The New Cartographers

March 01, 1991 4 min read

Georgi Thompson, who teaches at Wiscasset Primary School and helped organize the project, explains: “This lets kids help their towns in a way the towns cannot help themselves. Right now, the townspeople are unable to say how many acres of a given habitat are left and whether a developer should be given a green light to build in a certain place.’'

The picture, or image as it is more accurately called, that the students use is an almost-photographic-quality, eagle-eye view of a 37-mile stretch of the Maine coastline in and around their towns. It was taken by France’s SPOT satellite and passed on to the schools by the Island Institute, a conservation group based in nearby Rockland, Maine. The institute gave the schools the image on computer disk drives and donated the special software needed to access it. In addition, the project received critical technical support from an Apple Computer Crossroads Education Grant, which provided Macintosh IIci computers, modems, and laser printers, as well as HyperCard, MacWrite, MacPaint, MacDraw, Microsoft Works, and other software programs. Apple also connected the computers to AppleLink, a worldwide telecommunications network. A local organization, the Maine Aspirations Foundation, gave GAIA a $10,000 grant.

Using the hardware and software, students can call up on computer screens the satellite image and zero in on their individual community. The technology also lets them break down the image into its smallest component, called a pixel, which represents a 20-meter-by-20-meter square of land. By doing a computer analysis of the light reflected by the landscape in each pixel, the students get clues as to what physical features-- sand, wetlands, forest, or meadows, for example--exist in the region.

From this analysis, each student uses the computer to make a preliminary map of his or her town. Since the satellite image cannot reveal every detail, the student then goes out into the field to fine-tune the map. Students integrate their individual maps into a single school map, which is the one they will present to their town planners.

The satellite images and computer mapping are the key components of GAIA, but the program works a little differently at each participating school. In Wiscasset Primary and Middle Schools, for example, Thompson works with gifted and talented students, one eightstudent team per grade. Team members are let out of their regular class once a week to work on GAIA. Thompson uses the project to teach the students about Maine’s history and changing economy, as well as about science.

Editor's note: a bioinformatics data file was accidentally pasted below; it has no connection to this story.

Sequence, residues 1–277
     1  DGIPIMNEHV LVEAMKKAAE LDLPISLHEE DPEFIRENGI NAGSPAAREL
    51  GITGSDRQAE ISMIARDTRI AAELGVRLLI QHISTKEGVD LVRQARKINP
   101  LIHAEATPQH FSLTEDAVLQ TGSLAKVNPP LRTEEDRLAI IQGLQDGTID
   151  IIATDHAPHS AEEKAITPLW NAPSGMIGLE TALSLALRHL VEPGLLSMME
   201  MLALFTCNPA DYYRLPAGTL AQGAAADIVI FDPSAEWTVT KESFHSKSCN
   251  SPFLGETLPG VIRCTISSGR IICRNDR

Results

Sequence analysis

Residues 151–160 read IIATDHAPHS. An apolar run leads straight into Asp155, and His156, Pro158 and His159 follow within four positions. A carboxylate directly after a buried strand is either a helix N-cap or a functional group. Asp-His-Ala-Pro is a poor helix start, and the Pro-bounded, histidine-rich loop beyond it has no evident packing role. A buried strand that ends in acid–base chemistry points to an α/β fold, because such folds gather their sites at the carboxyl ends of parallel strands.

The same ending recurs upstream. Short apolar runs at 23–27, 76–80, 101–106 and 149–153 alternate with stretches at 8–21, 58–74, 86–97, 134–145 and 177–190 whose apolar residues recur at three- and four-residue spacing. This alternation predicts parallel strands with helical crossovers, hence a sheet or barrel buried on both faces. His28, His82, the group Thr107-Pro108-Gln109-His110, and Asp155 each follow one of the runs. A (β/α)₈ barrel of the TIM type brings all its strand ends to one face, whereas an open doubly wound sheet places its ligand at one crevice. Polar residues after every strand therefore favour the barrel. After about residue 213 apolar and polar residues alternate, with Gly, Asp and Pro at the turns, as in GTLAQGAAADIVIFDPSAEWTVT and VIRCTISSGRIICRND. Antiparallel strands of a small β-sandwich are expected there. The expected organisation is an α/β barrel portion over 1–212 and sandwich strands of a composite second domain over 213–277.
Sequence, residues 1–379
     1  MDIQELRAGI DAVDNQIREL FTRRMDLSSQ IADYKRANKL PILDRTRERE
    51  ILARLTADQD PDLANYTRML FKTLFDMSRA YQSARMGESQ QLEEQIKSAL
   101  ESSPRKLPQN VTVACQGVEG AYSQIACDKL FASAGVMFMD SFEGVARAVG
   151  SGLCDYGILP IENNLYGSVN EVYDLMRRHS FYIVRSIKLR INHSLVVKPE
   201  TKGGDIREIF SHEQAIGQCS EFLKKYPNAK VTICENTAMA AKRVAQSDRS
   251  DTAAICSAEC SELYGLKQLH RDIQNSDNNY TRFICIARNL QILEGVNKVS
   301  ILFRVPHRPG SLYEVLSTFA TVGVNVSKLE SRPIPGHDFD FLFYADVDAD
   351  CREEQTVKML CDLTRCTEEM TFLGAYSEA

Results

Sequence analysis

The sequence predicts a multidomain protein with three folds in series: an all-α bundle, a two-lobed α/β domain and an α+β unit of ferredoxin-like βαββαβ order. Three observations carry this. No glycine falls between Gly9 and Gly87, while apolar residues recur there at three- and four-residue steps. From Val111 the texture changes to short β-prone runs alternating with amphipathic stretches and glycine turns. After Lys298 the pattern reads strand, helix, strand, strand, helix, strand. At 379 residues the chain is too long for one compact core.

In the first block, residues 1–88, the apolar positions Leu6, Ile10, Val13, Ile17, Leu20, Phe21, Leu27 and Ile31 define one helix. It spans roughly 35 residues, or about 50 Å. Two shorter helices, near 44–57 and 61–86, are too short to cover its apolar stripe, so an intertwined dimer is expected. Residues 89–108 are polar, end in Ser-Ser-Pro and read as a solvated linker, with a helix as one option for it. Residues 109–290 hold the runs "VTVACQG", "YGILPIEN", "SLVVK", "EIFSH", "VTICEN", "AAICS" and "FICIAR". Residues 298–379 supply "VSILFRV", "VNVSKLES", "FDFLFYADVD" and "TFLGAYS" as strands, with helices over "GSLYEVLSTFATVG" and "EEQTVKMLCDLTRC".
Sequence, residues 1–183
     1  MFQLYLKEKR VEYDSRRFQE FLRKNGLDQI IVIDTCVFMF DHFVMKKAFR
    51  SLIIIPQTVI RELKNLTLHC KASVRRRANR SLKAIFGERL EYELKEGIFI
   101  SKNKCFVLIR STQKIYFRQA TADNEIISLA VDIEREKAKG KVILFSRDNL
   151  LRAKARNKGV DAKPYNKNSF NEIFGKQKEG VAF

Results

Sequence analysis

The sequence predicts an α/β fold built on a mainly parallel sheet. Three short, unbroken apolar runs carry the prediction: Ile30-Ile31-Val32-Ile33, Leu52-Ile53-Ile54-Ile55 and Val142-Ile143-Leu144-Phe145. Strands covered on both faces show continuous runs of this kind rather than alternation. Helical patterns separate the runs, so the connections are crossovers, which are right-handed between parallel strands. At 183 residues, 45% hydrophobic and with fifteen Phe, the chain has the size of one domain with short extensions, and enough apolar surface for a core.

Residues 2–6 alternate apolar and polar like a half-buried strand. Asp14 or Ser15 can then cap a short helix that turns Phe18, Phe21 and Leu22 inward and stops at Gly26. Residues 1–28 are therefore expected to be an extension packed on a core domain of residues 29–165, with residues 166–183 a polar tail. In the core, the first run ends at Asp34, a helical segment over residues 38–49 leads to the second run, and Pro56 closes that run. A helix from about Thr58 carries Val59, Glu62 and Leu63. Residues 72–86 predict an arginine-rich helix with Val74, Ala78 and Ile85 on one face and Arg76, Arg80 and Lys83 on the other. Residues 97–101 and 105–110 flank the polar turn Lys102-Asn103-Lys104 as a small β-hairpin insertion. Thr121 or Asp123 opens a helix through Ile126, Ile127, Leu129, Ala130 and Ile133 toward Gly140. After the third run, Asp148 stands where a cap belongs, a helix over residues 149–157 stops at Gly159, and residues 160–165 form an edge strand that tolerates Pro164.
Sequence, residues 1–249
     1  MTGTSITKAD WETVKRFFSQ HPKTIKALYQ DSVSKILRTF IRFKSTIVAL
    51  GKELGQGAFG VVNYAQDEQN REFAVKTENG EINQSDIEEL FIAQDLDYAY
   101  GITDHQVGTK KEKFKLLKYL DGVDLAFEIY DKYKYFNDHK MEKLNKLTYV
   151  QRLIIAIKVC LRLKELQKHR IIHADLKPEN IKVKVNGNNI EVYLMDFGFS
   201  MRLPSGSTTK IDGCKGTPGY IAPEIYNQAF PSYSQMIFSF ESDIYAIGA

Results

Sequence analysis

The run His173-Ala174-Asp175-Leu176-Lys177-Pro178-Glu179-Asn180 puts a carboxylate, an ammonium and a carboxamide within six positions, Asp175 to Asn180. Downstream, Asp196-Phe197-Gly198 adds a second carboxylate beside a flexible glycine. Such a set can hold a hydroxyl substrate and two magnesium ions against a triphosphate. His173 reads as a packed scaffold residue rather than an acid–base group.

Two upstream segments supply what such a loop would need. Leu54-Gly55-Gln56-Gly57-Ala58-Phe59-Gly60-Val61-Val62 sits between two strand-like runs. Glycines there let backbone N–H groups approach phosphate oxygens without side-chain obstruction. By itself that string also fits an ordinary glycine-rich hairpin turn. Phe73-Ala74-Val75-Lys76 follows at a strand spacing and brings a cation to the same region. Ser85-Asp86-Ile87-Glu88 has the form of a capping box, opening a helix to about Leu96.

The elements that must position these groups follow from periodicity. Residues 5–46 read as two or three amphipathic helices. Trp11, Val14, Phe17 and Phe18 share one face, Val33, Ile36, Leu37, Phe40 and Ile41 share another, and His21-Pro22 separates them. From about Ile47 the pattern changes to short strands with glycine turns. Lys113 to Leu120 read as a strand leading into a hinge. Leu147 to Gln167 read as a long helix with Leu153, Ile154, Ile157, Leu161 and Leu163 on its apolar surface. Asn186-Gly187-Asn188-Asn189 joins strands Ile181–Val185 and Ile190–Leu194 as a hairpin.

Bob Walter, who teaches at Boothbay Region High School, has integrated the project into his two science classes for non-college-bound students. The classes work on the project almost every day, and Walter tries to integrate it into as much of the curriculum as he can. For example, he teaches about centrifugal force by discussing how the SPOT satellite stays in orbit around the Earth. He’s especially pleased that these particular students are participating in GAIA. “It’s been my opinion throughout my career,’' he says, “that it’s the 50 percent of kids who are not college bound who are not serviced by our school system. If this were a business, wouldn’t we be looking at the needs of 50 percent of our clientele?’'

The idea for the GAIA project came from Janet Campbell, a scientist at Bigelow Laboratory for Ocean Sciences, an oceanographic research organization in West Boothbay Harbor. She had been using satellite imagery in her research and was looking for a way to get it into the schools. She had heard about the Island Institute’s satellite image of the Maine coast and the computer mapping program, but it wasn’t until the fall of 1989, when a friend at the institute told her about the Crossroads grants, that everything clicked in Campbell’s mind.

She asked the superintendents of the Boothbay Harbor and Wiscasset school districts and a few teachers she knew, including Thompson and Walter, to attend a meeting during Christmas break to discuss her idea and the possibility of applying for a Crossroads grant. Some 20 people showed up for the meeting; all of them were enthusiastic.

Thompson and Campbell prepared a grant application drawing on ideas expressed by people at the meeting. Last May, Apple notified them that their proposal was one of 20 selected out of 1,300 submitted.

Since then, GAIA has been going strong and continues to grow; more grades will be added by the end of the year. And Thompson says that 15 schools in other parts of Maine have contacted her, hoping to get in on the project.

Meanwhile, the teachers currently participating are developing instructional materials that other educators can use in the future. And Apple says it will donate up to 13 more top-of-theline computers and other useful equipment next fall. The company also wants to help the participating teachers publish papers and speak at conferences so that other schools and teachers can learn about the project. “We want to get the word out about what these teachers are doing,’' says Andrea Gooden, Apple’s program officer for education grants.

All those involved believe the project’s mix of technology and environmentalism can have an impact far beyond the classroom. “We’re allowing these kids to control their tomorrows by using the finest technology available today,’' Thompson says. “Growth is going to happen. This is a way to intelligently control it.’'---Lisa Wolcott

For more information about Apple Crossroads grants, contact: Apple Computers Inc., Community Affairs Department, Education Grants Programs, 20525 Mariani Ave., Mail Stop 38J, Cupertino, CA 95014; (408) 9742947.

A version of this article appeared in the March 01, 1991 edition of Teacher as The New Cartographers